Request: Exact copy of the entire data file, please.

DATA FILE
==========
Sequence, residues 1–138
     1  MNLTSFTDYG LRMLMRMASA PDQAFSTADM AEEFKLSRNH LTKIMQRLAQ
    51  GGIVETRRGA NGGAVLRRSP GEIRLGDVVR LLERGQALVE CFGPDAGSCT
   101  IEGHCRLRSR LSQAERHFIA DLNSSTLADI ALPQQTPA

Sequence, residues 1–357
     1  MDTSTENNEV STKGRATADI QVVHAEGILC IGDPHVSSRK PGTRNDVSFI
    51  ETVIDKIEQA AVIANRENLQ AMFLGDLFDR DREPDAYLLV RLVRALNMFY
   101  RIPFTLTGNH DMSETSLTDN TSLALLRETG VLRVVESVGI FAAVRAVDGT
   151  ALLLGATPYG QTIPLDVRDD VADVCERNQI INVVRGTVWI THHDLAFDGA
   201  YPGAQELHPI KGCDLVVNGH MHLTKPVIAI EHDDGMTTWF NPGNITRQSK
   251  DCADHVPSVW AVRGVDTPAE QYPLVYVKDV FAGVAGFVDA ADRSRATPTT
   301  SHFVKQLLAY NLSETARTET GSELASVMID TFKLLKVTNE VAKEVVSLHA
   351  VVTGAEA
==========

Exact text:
Sequence, residues 1–138
     1  MNLTSFTDYG LRMLMRMASA PDQAFSTADM AEEFKLSRNH LTKIMQRLAQ
    51  GGIVETRRGA NGGAVLRRSP GEIRLGDVVR LLERGQALVE CFGPDAGSCT
   101  IEGHCRLRSR LSQAERHFIA DLNSSTLADI ALPQQTPA

Sequence, residues 1–357
     1  MDTSTENNEV STKGRATADI QVVHAEGILC IGDPHVSSRK PGTRNDVSFI
    51  ETVIDKIEQA AVIANRENLQ AMFLGDLFDR DREPDAYLLV RLVRALNMFY
   101  RIPFTLTGNH DMSETSLTDN TSLALLRETG VLRVVESVGI FAAVRAVDGT
   151  ALLLGATPYG QTIPLDVRDD VADVCERNQI INVVRGTVWI THHDLAFDGA
   201  YPGAQELHPI KGCDLVVNGH MHLTKPVIAI EHDDGMTTWF NPGNITRQSK
   251  DCADHVPSVW AVRGVDTPAE QYPLVYVKDV FAGVAGFVDA ADRSRATPTT
   301  SHFVKQLLAY NLSETARTET GSELASVMID TFKLLKVTNE VAKEVVSLHA
   351  VVTGAEA